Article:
Although musical studies in premature infants are limited, a 2014 study published in Pediatrics highlighted how music-specific and the maternal voice can positively reinforce the behavioral and neural responses of the preterm infant.On the other hand, the possible similar effects of reproduction, through the use of receptive music therapy of the song of the father and / or the music therapist, have not yet been investigated. The investigators therefore decided to design a prospective, randomized and controlled study to test the hypothesis that the parental (maternal and / or paternal) and / or music therapist's chant influences the well-being and / or stress of the newborn, evaluated through the parameter Heart Rate Variability (HRV), NNS development, nutritional sucking capacity, weight growth, and length of stay in premature infants compared to a control group of infants not subjected to sound stimulation . 40 premature babies will be recruited to be divided into 4 groups, after computerized randomization: n. 3 musical groups (mother song, father song, music therapist song) and 1 control group (not subjected to musical stimulation). Infants with gestational age at birth between the 23rd and 34th week of gestation will be included. Neonates with intraventricular hemorrhage (IVH) and periventricular leukomalacia (PVL) may also be enrolled. Only newborns in ventilatory support at the time of evaluation and newborns with maxillofacial malformations that may interfere with the ability to suck will be excluded from enrollment. Newborns will be evaluated when they reach 32 ° -34 ° post-conception weeks, the amount of milk taken orally (by sucking) must be less than 50% of the total enteral intake.Infants who have not passed the subsequent hearing screening test using AABR (Brain Stem Automatic Response Test) will be excluded from the analysis, which is expected to be performed after reaching the correct age limit.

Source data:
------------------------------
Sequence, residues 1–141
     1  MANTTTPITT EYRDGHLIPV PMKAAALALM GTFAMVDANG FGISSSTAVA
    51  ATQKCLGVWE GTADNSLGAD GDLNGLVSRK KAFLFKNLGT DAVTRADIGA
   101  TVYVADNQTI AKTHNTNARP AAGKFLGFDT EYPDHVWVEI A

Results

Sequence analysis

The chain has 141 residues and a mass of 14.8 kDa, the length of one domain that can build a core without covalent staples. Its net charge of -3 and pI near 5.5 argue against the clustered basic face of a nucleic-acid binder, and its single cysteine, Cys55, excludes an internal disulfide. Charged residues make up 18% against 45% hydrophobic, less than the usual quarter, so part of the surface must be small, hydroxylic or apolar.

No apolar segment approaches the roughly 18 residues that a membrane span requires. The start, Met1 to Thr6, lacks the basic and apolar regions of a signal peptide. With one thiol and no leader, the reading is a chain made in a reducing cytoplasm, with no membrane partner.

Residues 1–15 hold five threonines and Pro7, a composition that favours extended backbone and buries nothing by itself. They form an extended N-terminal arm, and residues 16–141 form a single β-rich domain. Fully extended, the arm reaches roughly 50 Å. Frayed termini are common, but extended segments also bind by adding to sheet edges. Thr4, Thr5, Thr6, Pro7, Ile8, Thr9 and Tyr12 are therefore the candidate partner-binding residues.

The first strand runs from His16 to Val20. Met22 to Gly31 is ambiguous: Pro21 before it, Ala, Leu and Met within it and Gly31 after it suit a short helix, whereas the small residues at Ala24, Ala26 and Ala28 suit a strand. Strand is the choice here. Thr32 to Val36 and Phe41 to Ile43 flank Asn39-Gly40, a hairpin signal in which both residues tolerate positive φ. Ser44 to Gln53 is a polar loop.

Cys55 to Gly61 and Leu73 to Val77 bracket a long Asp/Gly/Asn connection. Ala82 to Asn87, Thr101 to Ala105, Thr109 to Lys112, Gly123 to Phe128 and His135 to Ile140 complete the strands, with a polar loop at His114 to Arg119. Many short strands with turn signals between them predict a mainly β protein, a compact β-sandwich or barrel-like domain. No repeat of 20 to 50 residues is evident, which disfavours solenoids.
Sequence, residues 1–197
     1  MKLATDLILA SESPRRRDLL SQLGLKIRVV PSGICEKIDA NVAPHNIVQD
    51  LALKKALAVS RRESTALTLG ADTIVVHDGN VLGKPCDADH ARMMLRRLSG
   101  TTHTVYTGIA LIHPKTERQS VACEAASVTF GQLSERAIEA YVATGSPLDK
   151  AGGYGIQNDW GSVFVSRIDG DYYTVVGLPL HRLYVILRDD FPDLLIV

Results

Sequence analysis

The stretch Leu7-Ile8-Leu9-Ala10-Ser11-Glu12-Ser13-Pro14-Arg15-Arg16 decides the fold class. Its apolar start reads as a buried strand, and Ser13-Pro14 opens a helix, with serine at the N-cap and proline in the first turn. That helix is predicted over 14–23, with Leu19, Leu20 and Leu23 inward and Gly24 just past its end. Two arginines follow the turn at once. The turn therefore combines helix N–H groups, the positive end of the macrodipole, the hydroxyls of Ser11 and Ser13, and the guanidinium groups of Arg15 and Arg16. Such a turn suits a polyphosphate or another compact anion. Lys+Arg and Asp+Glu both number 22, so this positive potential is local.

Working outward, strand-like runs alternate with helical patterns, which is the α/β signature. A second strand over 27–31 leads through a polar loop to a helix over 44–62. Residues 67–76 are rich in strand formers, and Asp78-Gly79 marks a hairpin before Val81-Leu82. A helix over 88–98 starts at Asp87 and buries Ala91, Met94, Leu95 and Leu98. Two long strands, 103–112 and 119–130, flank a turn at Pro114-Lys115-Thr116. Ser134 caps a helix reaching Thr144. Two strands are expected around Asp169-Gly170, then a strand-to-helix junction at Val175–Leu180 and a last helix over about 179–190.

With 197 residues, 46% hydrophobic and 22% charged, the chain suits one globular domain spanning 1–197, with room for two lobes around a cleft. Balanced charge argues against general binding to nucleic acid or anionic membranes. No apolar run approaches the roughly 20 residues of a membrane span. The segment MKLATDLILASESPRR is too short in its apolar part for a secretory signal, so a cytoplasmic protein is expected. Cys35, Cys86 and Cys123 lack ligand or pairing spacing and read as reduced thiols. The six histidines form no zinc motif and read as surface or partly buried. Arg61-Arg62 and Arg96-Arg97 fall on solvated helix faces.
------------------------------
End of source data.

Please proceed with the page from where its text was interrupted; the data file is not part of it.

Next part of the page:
OUTCOMES Positive reinforcement is an effective development strategy for improving the feeding skills of preterm infants. A short receptive music therapy intervention that reproduces lullabies sung by both parents or by the music therapist could positively influence the acquisition of nutritional skills and the growth of the preterm infant. Evaluating how this can affect the clinical stability of the newborn (and therefore on his state of stress, measured in terms of HRV) represents a fundamental and primary point to explore, in order to be able to make the possible use of receptive music therapy applicable in the strategy of positive reinforcement. The objective of this study is therefore to evaluate the tolerance of a receptive music therapy intervention (in terms of clinical stability, assessed through the HRV parameter) by the enrolled infants and to investigate any benefits of positive reinforcement obtained, through its use, on the acquisition of nutrition and growth skills of preterm infants.